This story was updated on March 19 at 10:54 a.m. CDT.

Baker Hughes on March 19 joined the chorus of western oilfield services companies announcing intentions to suspend new investment in Russia. The oilfield services company joined Halliburton and Schlumberger, which both announced their intentions a day earlier.

“The crisis in Ukraine is of grave concern and we strongly support a diplomatic solution. We condemn violence and our hearts go out to the people and families of those impacted,” said Lorenzo Simonelli, chairman and CEO of Baker Hughes, in a statement.

Schlumberger CEO Olivier Le Peuch released a similar statement late on March 18 saying it will suspend technology deployment to existing operations in Russian and immediately suspend new investment in the country.

"We continue to actively monitor this dynamic situation and will fulfill any existing activity in full compliance with applicable international laws and sanctions," Le Peuch said in the statement. "Safety and security are at the core of who we are as a company, and we urge a cessation of the conflict and a restoration of safety and security in the region.”

Earlier in the day on March 18, Halliburton Co. said it has suspended future business in Russia, including for certain state-owned Russian customers, in compliance with U.S. sanctions after Moscow's invasion of Ukraine.

The company said it has no active joint ventures in the country and had weeks ago halted all shipments of specific sanctioned parts and products to Russia.

Schlumberger, Baker Hughes and Halliburton are the three biggest western oilfield services companies, hired to do the frontline work at oilfields such as drilling wells and producing oil and gas. The U.S.-listed companies conduct billions of dollars of business in Russia and are partners of state-backed producers Rosneft and Gazprom.

Other Western producers such as Exxon Mobil Corp., BP Plc, Shell Plc and Norway's Equinor ASA have either suspended business or announced plans to abandon their Russia operations, leaving behind their investments.

Recent U.S. sanctions on Moscow ban American imports of Russian oil, natural gas and fuel products and also bar U.S. companies from making “new investments in the energy sector” in Russia. The measure is meant to “ensure that American companies and American investors are not underwriting Putin’s efforts to expand energy production inside of Russia”, a senior administration official said of the order.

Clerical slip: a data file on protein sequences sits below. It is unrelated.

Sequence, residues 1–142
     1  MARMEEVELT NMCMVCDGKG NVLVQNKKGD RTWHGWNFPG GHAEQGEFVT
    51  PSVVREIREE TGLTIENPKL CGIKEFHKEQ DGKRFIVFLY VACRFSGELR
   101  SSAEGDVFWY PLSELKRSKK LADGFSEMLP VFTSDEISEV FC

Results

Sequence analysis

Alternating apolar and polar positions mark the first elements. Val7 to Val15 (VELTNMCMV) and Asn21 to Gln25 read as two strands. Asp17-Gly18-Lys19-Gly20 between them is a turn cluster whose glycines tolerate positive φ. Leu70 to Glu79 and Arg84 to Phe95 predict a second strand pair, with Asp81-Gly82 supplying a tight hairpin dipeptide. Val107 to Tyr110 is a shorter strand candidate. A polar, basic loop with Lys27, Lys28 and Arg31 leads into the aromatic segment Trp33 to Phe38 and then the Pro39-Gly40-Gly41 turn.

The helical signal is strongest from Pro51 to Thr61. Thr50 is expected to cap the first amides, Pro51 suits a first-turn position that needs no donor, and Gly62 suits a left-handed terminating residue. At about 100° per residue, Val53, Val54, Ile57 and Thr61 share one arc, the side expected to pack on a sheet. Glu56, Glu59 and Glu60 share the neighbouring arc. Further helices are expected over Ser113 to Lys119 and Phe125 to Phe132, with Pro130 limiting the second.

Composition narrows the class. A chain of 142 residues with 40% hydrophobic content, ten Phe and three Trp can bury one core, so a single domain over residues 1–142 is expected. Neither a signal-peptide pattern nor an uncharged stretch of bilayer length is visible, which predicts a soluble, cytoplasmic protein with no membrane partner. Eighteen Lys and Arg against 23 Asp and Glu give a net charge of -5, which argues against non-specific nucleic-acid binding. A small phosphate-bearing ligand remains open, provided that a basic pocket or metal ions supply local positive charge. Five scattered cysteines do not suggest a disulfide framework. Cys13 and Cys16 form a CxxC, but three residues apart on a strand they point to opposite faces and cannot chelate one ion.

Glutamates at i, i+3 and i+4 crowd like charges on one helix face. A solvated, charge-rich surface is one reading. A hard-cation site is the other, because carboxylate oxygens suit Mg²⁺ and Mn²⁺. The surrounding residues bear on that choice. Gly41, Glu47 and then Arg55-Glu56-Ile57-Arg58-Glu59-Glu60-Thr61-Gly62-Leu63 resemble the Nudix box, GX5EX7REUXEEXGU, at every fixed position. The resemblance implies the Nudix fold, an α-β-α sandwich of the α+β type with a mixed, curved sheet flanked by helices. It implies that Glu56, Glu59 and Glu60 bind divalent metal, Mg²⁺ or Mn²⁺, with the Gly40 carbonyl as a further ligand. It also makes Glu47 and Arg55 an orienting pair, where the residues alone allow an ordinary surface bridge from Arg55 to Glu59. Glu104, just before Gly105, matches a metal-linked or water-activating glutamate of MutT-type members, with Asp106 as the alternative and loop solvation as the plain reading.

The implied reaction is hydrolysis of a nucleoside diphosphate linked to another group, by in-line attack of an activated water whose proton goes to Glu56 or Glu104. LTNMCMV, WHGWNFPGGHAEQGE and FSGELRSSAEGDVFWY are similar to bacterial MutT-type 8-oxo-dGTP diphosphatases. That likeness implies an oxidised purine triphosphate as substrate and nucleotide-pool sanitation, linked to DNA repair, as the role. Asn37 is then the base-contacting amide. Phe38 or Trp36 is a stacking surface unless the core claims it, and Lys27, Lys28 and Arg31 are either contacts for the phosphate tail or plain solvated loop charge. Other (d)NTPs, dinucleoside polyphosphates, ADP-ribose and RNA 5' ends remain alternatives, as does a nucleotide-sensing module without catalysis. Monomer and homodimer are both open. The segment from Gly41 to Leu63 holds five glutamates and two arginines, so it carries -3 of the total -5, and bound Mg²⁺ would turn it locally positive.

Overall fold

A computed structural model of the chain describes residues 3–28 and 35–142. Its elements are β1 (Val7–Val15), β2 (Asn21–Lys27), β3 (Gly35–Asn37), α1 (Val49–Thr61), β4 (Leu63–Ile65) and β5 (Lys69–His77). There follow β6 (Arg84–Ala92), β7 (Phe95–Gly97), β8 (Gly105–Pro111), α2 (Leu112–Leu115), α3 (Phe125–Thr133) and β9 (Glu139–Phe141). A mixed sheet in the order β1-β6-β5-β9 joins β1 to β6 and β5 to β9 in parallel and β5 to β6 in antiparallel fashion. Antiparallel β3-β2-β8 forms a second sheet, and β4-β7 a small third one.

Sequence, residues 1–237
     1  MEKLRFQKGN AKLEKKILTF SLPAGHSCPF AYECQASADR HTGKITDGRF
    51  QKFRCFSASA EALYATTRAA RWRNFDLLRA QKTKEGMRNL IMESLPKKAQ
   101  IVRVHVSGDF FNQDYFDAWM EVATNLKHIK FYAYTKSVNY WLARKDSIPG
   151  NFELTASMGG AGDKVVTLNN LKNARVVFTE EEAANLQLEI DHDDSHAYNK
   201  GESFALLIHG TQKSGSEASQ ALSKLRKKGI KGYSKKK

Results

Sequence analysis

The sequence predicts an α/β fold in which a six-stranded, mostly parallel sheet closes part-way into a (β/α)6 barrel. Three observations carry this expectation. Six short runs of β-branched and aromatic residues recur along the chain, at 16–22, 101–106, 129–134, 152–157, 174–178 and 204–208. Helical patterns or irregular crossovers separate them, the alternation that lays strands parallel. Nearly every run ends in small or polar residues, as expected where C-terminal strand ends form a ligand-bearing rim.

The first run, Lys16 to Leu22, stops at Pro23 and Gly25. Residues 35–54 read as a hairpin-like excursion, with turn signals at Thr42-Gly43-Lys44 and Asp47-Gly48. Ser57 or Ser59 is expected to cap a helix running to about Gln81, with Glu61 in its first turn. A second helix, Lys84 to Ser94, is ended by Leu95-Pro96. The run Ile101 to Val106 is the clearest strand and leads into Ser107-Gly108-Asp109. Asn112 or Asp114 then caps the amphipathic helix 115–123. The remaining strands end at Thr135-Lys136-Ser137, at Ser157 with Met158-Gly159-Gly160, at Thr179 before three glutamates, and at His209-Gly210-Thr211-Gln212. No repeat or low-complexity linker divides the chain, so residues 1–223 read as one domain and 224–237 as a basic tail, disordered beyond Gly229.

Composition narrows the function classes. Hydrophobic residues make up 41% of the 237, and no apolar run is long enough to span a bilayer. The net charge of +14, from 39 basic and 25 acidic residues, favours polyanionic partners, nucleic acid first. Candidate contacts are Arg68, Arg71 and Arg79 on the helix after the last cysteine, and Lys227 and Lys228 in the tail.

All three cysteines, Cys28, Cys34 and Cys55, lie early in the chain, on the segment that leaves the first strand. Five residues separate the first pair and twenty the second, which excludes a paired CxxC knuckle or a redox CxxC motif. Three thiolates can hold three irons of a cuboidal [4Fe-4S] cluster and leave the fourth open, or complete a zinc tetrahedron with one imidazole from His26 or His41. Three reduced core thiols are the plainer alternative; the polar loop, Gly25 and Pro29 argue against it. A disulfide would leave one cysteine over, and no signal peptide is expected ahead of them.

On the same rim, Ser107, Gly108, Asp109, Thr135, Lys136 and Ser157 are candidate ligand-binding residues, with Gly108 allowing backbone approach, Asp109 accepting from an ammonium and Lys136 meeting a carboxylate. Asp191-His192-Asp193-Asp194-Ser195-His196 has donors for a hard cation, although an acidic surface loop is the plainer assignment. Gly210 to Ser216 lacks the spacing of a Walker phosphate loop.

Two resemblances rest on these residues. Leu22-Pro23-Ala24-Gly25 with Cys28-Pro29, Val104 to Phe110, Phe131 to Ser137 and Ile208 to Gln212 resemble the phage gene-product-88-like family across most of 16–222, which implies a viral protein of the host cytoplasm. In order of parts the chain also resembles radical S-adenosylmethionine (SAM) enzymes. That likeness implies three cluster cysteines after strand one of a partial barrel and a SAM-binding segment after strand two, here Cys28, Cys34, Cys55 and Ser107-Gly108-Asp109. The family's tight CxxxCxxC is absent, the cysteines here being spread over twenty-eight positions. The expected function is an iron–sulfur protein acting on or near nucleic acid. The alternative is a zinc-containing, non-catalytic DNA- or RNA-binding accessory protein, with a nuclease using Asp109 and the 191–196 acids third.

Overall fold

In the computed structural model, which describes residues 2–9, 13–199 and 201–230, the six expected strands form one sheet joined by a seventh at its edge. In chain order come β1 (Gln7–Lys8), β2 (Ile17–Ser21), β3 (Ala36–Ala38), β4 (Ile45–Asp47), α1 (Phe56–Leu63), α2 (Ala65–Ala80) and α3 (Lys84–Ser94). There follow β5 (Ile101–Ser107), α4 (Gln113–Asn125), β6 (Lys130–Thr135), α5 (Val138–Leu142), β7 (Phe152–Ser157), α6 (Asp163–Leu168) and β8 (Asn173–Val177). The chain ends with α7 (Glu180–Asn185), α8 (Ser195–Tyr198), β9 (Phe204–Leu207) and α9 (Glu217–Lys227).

The EU on March 15 also put in place what it called “a far-reaching ban on new investment across the Russian energy sector” as part of a blast of new economic sanctions, further tightening western companies’ ability to operate in the country.

Russia, which calls its actions in Ukraine a "special operation", is among the world's largest oil and gas producers that mainly rely on home-grown service providers.

According to Rystad, projects in Russia were expected to require about $22 billion for drilling and other services this year, and had been expected to grow before the country’s invasion of Ukraine. U.S. and European countries have been careful to avoid a sudden disruption to Russian oil and gas flows while designing sanctions.

Schlumberger has invested more than $10bn in Russia over the past decade. Last November, the company signed a deal with Gazprom Neft, Gazprom’s oil-focused subsidiary, to develop a “localized” business based on Schlumberger’s digital oilfield technologies.

Baker Hughes last summer touted a deal with Rosneft to use its technology to help the Russian company slash emissions from its operations. Russia accounts for about 5% of Schlumberger’s total revenues, which were $22.9 billion in 2021, or about $1.15 billion. Protesters gathered outside company offices in Texas earlier this month to call on Schlumberger to sever connections with Russia, according to the Houston Chronicle. Russia also made up about 5% of Baker Hughes’ revenues, Brian Worrell, its CFO, told analysts recently. The company’s revenue was $20.5 billion in 2021, implying it does about $1bn of business in the country.

This article features reporting by Justin Jacobs and Myles McCormick, Financial Times, with additional reporting from Reuters.